Wednesday, 25 July 2012

Heartbreak House at Chichester, or, Screwing Up Shaw

It's been some little while since I saw a show which almost uniformly fails to work. This is such an one. It's not a lack of good lines. It's not setting and direction totally contrary to the text. It's not that the performers are without talent. But somehow Richard Clifford, a director hitherto, and on this showing blessedly, unknown to me, has put these elements together and pretty completely failed to achieve lift off.

The fundamental problem is a desperate lack of conviction. Based on the several Shaws I've now seen I think there is often a danger of his characters falling into caricature. Genevieve O'Reilly's performance in the National's Doctor's Dilemma, while not perfect, did catch the essential living quality. Apart from odd moments from Derek Jacobi as Captain Shotover and Fiona Butler as Ellie Dunn performance after performance here lapses into caricature. I never really felt that most of the company believed a word they were saying and they consequently failed to make me believe or care about them. There are flashes of amusement to be had from these caricatures but emotional engagement is sadly lacking.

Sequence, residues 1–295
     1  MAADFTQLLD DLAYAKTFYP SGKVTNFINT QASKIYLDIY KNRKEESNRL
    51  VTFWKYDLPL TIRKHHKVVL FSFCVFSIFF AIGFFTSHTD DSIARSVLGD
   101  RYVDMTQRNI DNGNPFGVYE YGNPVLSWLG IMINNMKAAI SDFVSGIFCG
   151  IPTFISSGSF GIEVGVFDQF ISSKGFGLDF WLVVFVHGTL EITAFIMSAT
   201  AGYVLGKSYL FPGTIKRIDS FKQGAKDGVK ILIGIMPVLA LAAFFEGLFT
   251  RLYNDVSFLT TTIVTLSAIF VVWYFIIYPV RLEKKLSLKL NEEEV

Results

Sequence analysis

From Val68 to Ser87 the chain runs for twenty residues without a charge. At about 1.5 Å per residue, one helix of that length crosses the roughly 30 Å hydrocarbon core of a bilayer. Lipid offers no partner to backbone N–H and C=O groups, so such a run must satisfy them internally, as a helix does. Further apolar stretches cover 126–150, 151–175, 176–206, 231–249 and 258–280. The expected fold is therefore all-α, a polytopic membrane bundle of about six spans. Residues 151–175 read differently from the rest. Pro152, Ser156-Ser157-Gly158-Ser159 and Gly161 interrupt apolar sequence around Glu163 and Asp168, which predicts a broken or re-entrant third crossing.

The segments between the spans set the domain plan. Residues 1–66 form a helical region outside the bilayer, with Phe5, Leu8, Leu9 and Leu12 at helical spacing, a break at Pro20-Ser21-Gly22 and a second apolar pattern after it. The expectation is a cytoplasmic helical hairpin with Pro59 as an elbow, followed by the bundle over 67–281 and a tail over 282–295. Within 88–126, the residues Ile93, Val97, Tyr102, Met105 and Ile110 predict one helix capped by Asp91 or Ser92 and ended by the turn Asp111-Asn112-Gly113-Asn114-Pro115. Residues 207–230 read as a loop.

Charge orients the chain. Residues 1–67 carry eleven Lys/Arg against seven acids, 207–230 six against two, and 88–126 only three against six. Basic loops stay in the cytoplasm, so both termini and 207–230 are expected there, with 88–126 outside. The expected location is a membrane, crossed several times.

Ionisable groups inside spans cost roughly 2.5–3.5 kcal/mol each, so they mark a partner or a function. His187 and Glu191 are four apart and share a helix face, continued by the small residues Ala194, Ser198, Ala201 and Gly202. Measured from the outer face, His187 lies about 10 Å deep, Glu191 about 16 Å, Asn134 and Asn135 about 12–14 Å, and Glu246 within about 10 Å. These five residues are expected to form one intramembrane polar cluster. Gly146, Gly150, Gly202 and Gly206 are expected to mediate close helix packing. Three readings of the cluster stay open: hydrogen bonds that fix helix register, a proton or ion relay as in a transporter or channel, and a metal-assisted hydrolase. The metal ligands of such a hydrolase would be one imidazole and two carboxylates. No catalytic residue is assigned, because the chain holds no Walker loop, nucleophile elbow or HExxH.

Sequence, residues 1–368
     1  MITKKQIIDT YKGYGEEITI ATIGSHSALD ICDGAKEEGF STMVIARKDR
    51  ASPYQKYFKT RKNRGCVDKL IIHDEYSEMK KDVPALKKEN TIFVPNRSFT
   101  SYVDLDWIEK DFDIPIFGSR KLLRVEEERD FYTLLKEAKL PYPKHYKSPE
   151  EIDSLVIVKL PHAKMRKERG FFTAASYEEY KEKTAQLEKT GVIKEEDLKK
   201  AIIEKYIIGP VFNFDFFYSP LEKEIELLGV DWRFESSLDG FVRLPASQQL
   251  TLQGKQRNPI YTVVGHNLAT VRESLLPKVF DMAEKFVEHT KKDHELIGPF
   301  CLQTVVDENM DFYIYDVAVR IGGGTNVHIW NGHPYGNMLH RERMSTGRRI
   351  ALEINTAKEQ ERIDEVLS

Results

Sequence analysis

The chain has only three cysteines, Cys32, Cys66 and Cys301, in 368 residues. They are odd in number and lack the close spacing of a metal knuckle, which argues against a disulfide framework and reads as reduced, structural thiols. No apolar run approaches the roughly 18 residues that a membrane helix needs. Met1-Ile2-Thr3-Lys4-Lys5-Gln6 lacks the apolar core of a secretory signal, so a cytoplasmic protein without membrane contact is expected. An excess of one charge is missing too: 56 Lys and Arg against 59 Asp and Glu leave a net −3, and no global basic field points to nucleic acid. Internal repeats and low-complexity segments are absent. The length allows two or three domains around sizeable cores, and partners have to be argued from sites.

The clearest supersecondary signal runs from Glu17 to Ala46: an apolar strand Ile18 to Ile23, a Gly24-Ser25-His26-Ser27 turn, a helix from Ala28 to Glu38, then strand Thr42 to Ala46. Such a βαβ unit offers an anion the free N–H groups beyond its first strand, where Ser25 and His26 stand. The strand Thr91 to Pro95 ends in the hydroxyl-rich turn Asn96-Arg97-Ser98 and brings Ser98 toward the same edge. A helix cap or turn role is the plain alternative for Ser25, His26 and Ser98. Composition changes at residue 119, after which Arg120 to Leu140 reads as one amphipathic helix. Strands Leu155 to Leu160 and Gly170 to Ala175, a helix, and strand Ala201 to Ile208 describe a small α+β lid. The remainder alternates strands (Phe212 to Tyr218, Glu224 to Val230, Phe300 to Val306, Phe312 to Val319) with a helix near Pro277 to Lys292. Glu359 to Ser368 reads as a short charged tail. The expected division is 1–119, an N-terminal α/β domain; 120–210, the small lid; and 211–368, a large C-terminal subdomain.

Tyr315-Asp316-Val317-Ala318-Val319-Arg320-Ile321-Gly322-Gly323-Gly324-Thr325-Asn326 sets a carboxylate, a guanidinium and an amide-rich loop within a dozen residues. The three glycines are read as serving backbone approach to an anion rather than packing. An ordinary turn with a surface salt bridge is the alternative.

It's also one of those performances where you come to feel that the director has committed the cardinal sin of inconsistency. That's to say that as revelations occur you feel Clifford is as surprised as anyone. “Good heavens,” I seemed to hear him murmuring, “I'd quite forgotten that about her.” This is a significant contribution to making most of the characters rather ridiculous (and not in a dramatically powerful way). When Ellie declares she only wanted to see if she could force the industrialist Mangan to marry her for example, it falls sadly flat because you don't believe in it as a product of the character's emotional journey, it is simply the next line of the script with most of the previous ones having been apparently forgotten almost as they were uttered.

Altogether it's a long, dull two and three quarter hours in the theatre. One to be avoided.

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